Dave Proctor breaks record for fastest run across Canada



It took a little over two months to do it, but Alberta ultra-marathon runner Dave Proctor now holds the record for the fastest person ever to run across all of Canada.


The 41-year-old man from Okotoks, Alta. was overcome with emotion as he arrived at Mile Zero in Victoria, B.C. on Thursday, finishing off a 7,159 kilometre run he began in St. John’s N.L. 67 days and 10 hours prior.


“I feel the greatest sense of accomplishment,” said Proctor. “it really didn’t set in while I was running the entirety of Canada just how fast and big this was.”


“To the people that showed up for me on this trip, it warms your heart and it makes you want to show up for them, the fact that people are believing in me that much.”


Proctor smashed the previous cross-Canada speed record of 72 days and 10 hours set by Al Howie in 1991, running at a pace of about 105 kilometres on average every single day.


It was a physically agonizing journey, having completed the equivalent of summiting Mount Everest five times, going through 12 different pairs of running shoes and consuming upwards of 9,000 calories each day.


The run, though tasking on his body, was also the biggest mental test he’s ever had to overcome in his life. 


“There was pain present every single step but it was also about staying consistent and being true to myself,” Proctor said.


“There would be this voice inside me saying ‘hey, you should really stop and rest for another day’ but I never listened to it. I didn’t believe my own lie, that I was in trouble, because I was never once in trouble because I’m here, and I was doing fine.”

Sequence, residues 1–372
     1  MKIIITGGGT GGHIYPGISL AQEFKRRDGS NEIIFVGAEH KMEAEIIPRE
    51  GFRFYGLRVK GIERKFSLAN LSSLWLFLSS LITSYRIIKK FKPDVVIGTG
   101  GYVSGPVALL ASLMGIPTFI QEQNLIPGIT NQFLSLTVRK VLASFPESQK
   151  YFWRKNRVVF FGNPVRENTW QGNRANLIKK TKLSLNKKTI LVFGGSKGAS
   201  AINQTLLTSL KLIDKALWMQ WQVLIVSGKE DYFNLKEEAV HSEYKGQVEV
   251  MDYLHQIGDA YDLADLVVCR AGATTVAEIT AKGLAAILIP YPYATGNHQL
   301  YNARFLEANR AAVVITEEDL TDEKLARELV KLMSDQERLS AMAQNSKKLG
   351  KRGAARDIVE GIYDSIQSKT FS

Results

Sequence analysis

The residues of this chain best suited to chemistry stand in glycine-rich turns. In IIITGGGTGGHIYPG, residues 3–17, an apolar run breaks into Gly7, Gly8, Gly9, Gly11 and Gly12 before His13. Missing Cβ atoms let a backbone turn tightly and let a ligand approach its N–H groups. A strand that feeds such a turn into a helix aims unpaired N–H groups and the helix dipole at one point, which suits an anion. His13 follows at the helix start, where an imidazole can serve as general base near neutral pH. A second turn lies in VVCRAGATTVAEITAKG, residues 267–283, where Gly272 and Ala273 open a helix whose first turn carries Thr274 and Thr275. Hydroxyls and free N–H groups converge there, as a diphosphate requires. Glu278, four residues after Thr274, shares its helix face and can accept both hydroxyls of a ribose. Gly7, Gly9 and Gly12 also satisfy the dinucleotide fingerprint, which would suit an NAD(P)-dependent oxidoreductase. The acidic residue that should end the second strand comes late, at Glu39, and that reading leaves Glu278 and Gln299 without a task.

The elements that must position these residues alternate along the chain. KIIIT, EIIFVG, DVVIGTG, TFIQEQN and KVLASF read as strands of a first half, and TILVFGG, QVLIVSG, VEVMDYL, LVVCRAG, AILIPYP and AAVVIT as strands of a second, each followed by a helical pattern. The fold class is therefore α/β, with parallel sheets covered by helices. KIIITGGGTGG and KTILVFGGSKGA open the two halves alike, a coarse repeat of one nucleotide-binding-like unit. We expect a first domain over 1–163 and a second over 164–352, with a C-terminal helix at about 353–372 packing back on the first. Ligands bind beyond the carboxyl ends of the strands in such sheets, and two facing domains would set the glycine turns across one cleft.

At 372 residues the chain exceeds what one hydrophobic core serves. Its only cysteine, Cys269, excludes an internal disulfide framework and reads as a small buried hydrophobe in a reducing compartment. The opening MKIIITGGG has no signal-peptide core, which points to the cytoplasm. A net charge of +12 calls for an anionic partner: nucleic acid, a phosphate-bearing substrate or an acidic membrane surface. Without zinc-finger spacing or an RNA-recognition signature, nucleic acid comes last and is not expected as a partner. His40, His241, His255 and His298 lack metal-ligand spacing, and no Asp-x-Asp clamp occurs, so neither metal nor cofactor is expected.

This was the ultra-runner’s second attempt at completing a cross-Canada run. In 2018, Proctor set off in the opposite direction, dipping his trademark cowboy hat in the Pacific Ocean and leaving from Victoria.


Following a 32-day run, a ruptured disc in his back forced him to stop near Winnipeg and put his dreams on hold.


That thirst for redemption would be stronger than ever in the years to come, as Proctor fought through his past failures and became an even more resilient athlete while running on the pavement.


He described the first 14 days of his latest cross-Canada attempt as some of the most difficult, but nothing was going to stop him once he got a groove going.


“The Canadian Shield is no joke,” Proctor said. “The hardest days were either in northern Ontario, or Newfoundland, because it’s so rugged, rocky and steep.


“I’ve just seen the most beautiful country in the world, and I suggest every Canadian do the same very thing,” he added.


“Don’t run it. Get in a vehicle and drive it, or go see a part of the country you haven’t seen,” said Proctor. “I just feel if I could do that, I could do bloody well anything.”


 ‘SO PROUD OF HIM’


Proctor’s girlfriend Lana Ledene was by his side the majority of the way, telling CTV News that she would often see two sides of Dave.


“One Dave was just this machine on the highway and the other Dave was this broken soul that got into the SUV at the end of a 107-kilometre day and could barely walk,” she said.